Inspect Your Rigging
Getting to the water only to find a fitting has broken, a clevis ring is missing or a halyard is frayed can ruin a whole day. A visual inspection is easy and can generally be accomplished in a couple hours or less. All you need is a magnifying lens, a mirror, some toilet paper, your fingernails, a boatswain’s chair, and a pair of reasonably good eyes.
BoatU.S. article on Inspecting your Mast and Rigging.
BoatU.S. Rigging Checklist
How to Keep Your Jib Furler Alive, by Brian Toss
It's worth spending a little time to inspect and clean your deck hardware hardware when you lay your yacht up for the winter as this can save you money in the long run and prevent a future failure next season. Don't forget to also wash the boat thoroughly, dry and stow away non-essential halyards and sheets; they will last longer and will be clean for next season.
Below the surface of the water lives an environment that can be tough on a boat and its metal parts and fittings. Inspect and service these parts when the boat is out of the water, and perform visual inspections when cleaning or swimming on the bottom of your boat. Check all zincs annually, if half (or more) of a zinc has been lost to corrosion, replace it.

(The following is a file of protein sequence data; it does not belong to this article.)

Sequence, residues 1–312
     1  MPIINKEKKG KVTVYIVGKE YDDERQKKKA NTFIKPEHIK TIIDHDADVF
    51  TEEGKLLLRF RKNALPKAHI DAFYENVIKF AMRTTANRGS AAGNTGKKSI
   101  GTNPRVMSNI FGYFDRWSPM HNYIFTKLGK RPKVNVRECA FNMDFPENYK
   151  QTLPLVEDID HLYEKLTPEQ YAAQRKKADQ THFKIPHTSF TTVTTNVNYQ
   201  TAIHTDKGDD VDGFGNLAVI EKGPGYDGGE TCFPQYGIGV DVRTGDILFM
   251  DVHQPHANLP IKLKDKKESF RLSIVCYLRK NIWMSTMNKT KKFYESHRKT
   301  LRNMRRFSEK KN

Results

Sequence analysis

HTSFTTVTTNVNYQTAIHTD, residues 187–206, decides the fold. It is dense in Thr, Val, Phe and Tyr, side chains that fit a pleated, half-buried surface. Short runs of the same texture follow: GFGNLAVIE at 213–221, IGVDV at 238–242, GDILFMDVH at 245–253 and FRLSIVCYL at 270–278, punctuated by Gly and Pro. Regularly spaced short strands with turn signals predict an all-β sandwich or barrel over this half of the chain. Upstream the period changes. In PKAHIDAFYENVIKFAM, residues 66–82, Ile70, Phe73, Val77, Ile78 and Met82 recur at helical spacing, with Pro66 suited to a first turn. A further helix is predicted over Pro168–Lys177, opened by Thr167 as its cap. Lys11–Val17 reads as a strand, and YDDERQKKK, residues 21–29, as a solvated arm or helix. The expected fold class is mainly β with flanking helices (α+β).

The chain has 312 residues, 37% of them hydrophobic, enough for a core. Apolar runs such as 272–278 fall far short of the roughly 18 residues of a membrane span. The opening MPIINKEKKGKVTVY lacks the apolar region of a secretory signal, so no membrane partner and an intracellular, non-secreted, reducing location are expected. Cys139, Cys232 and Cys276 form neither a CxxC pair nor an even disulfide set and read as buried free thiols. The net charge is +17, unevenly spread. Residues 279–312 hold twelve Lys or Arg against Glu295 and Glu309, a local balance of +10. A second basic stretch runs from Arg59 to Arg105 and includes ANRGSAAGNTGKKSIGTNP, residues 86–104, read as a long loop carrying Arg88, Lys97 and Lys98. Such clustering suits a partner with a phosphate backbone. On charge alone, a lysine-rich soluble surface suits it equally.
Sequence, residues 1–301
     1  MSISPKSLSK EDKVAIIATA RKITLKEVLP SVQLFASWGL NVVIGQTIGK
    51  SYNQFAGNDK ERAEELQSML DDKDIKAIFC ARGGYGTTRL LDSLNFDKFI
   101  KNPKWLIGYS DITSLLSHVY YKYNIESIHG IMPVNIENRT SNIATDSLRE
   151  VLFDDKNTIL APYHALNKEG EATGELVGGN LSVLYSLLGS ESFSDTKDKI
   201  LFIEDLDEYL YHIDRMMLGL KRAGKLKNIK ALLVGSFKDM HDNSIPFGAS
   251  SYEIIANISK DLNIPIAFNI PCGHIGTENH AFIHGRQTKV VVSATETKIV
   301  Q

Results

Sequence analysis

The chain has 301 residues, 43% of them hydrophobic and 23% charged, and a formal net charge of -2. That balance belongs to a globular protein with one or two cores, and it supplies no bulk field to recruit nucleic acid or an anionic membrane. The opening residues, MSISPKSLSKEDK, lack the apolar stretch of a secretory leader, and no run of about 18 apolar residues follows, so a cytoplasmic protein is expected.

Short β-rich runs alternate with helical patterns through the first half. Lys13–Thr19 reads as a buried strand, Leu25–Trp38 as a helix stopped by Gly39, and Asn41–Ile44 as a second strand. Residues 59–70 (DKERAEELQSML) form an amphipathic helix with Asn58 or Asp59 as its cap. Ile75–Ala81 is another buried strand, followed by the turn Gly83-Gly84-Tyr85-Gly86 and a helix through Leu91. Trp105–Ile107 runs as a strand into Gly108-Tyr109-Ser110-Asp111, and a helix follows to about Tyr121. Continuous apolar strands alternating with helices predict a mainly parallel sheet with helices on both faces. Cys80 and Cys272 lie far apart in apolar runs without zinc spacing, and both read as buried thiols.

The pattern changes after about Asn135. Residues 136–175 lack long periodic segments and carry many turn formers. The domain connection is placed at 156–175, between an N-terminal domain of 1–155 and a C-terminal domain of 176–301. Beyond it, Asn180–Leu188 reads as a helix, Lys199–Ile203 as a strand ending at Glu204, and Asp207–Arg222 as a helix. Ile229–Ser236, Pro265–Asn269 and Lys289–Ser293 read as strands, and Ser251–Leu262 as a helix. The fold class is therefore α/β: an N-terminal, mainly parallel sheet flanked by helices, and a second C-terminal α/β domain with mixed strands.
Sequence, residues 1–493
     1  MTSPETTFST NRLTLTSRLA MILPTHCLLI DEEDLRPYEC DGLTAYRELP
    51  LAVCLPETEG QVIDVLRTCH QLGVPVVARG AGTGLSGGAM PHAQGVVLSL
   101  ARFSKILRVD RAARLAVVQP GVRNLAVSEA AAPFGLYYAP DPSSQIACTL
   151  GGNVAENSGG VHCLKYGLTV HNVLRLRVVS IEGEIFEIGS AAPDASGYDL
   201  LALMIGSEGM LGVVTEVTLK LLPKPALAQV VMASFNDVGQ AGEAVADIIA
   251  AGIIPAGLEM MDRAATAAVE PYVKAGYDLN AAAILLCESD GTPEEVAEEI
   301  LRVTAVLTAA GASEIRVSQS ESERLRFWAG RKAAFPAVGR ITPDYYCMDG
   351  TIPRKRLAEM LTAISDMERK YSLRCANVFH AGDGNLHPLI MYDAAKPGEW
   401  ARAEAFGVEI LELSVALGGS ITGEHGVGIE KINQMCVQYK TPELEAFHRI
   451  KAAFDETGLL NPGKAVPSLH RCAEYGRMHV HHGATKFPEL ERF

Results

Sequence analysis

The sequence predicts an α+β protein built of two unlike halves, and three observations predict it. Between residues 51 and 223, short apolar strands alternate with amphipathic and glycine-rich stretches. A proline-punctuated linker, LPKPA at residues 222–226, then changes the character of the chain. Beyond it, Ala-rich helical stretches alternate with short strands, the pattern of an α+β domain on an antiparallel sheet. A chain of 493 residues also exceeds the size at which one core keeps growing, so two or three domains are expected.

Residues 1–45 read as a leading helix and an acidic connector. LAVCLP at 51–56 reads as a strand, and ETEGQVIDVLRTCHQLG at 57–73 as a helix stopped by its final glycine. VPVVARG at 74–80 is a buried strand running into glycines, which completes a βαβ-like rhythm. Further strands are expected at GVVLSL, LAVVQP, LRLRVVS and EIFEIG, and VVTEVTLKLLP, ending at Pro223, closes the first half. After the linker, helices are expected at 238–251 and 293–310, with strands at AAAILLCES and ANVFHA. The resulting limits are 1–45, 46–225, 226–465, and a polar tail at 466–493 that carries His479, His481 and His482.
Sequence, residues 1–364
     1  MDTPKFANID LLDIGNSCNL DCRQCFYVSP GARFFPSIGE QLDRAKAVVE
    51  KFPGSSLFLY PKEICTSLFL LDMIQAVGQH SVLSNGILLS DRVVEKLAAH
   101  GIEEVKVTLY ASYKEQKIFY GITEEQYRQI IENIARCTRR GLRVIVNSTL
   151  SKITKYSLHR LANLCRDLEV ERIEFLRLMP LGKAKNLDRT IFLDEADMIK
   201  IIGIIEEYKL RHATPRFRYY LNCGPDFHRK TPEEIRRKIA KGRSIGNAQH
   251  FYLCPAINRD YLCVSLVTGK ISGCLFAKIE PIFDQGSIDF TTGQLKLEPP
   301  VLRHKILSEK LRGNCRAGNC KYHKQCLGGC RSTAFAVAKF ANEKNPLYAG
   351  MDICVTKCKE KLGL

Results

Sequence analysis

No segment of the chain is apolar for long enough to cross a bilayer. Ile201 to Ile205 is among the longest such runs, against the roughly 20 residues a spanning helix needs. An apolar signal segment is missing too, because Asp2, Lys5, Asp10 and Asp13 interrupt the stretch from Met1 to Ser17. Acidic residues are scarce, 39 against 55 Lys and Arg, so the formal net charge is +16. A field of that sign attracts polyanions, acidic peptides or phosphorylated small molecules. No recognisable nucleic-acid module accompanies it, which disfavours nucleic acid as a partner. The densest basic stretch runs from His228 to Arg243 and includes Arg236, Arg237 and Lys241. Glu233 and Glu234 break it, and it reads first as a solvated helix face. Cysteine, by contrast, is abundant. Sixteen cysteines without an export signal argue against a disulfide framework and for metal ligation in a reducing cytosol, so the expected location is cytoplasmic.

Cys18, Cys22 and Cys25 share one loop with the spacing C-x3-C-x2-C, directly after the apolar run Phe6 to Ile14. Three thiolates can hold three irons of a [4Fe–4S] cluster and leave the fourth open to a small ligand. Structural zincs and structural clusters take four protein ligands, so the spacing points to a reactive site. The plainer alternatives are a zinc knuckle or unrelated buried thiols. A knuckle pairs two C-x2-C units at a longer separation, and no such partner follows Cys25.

Sacrificial Anodes, by Don Casey
Inspect your propeller for any growth or visual damage. This will help improve performance and help maintain the value of your investment.
If you have an outboard you should check the propeller as part of your pre-launch routine. Use a deep well socket to make sure the propeller nut is secure.
You should also remove the propeller several times during the season to make sure discarded fishing line hasn’t become wrapped around the propeller shaft. If it has, have your dealer inspect the gear case, because fishing line can cause gear case leaks and gear case service is not a do-it-yourself job.
While you have the propeller off, inspect it for nicks, dents and other signs of damage. It’s OK if your prop is missing paint, but send it out for repairs if you find signs of impact. The smallest dent can cause your boat to lose 10% of performance and will burn more fuel than normal.
Finally, put a liberal amount of waterproof grease on the propeller shaft and re-install the propeller and hardware in the same order that you took them off, and tighten the propeller nut to the manufacturer’s specifications.